The Great Exodus left its mark on...black Topeka. After the manifold increase from 724 to 3,648 between 1875 and 1880, the twenty years ending in 1900 saw black numbers level off to 4,807... At the turn of the century, Negroes could be found in all of the city's five wards... Nonetheless under the onslaught of the Exodus, established Negro neighborhoods emerged as definite enclaves in which the concentration of blacks was between 50 and 75%. Most resided in the First, Second, and Third wards, which traditionally had been regions of black settlement. The most important enclave adjoined the blacks business district located of the first three blocks of Kansas Avenue, Jackson Street, and Quincy Street in the Second Ward. This was the hub of the black community's social and business life. Railroad shops and yards, as well as agricultural processing plants in the immediate vicinity, provided [jobs]. Real estate and other service concerns, sundry small businesses, and the offices of... professionals were additional building blocks in the structure of black Topeka.

Throughout the 1880s and 1890s new neighborhood churches developed... In the 1890s black Episcopalians offered new spiritual and social alternatives. St. John A.M.E., Shiloh Baptist, and Second Baptist churches, however, remained the major institutional pillars of the community. Between 1880 and 1896, black Topeka claimed six newspapers, which reflected the many facets of Negro life in the city and provided a link to affairs in the state and nation.

Sources: William L. Lang, "The Nearly Forgotten Blacks on Last Chance Gulch, 1900-1912," Pacific Northwest Quarterly 70:2 (April 1979):50-51, 57; Thomas C. Cox, Blacks in Topeka, Kansas, 1865-1915: A Social History (Baton Rouge, 1982), pp. 82-83.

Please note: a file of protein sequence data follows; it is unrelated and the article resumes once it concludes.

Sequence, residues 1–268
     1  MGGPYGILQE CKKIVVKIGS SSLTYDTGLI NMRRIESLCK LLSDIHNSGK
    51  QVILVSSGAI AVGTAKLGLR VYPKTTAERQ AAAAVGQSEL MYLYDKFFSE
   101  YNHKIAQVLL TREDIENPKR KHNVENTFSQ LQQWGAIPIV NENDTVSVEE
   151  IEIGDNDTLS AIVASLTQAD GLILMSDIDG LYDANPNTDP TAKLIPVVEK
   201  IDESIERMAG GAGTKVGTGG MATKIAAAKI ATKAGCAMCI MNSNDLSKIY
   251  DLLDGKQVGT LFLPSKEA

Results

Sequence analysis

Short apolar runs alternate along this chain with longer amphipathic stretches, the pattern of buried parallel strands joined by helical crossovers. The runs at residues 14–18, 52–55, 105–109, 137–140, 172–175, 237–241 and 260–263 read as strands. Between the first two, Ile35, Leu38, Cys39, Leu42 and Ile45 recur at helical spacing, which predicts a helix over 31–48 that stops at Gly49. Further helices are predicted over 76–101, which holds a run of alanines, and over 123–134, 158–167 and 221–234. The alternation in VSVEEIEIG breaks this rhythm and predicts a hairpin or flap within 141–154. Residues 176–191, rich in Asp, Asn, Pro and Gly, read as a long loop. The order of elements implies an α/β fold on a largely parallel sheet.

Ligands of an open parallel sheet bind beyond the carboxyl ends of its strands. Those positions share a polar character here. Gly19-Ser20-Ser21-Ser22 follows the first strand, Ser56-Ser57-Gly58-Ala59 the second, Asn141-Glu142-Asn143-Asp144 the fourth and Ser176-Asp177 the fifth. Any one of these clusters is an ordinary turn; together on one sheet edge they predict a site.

Although few western blacks supported segregation in public elementary and secondary schools, African Americans in Topeka, Kansas, were proud of the Kansas Industrial and Educational Institute, which was called the "Western Tuskegee" because it was modeled after Booker T. Washington's Alabama school. The Institute was founded and supported by local blacks who hoped its training program would provide African American youth from throughout the region the skills they needed to enter more lucrative occupations. A description of the Institute appears below.

The Kansas Industrial and Educational Institute had an inauspicious beginning in 1895 as a kindergarten, sewing school, and reading room. It was a small, one-room house located in a heavily settled black enclave in the southeastern section of the Fifth Ward called Mud Town because the unpaved streets became a quagmire after a rain... The Negro founders, Edward Stephens and Lizzie Reddick, for all their spirit and enterprise in establishing the institute, were not in the published records of the socially prominent, nor did they have any ascertainable credentials as Progressive reformers. Stephens was an elementary school teacher and a resident of Topeka since 1885... Reddick, too, was an elementary teacher... Little else is known of her social life. With funds secured from friends of the institute, Stephens purchased in 1898 a small building on Second Street and Kansas Avenue, in the heart of the black business district... By 1899, through an unknown agency, the institute received an appropriation of $1,500 from the state...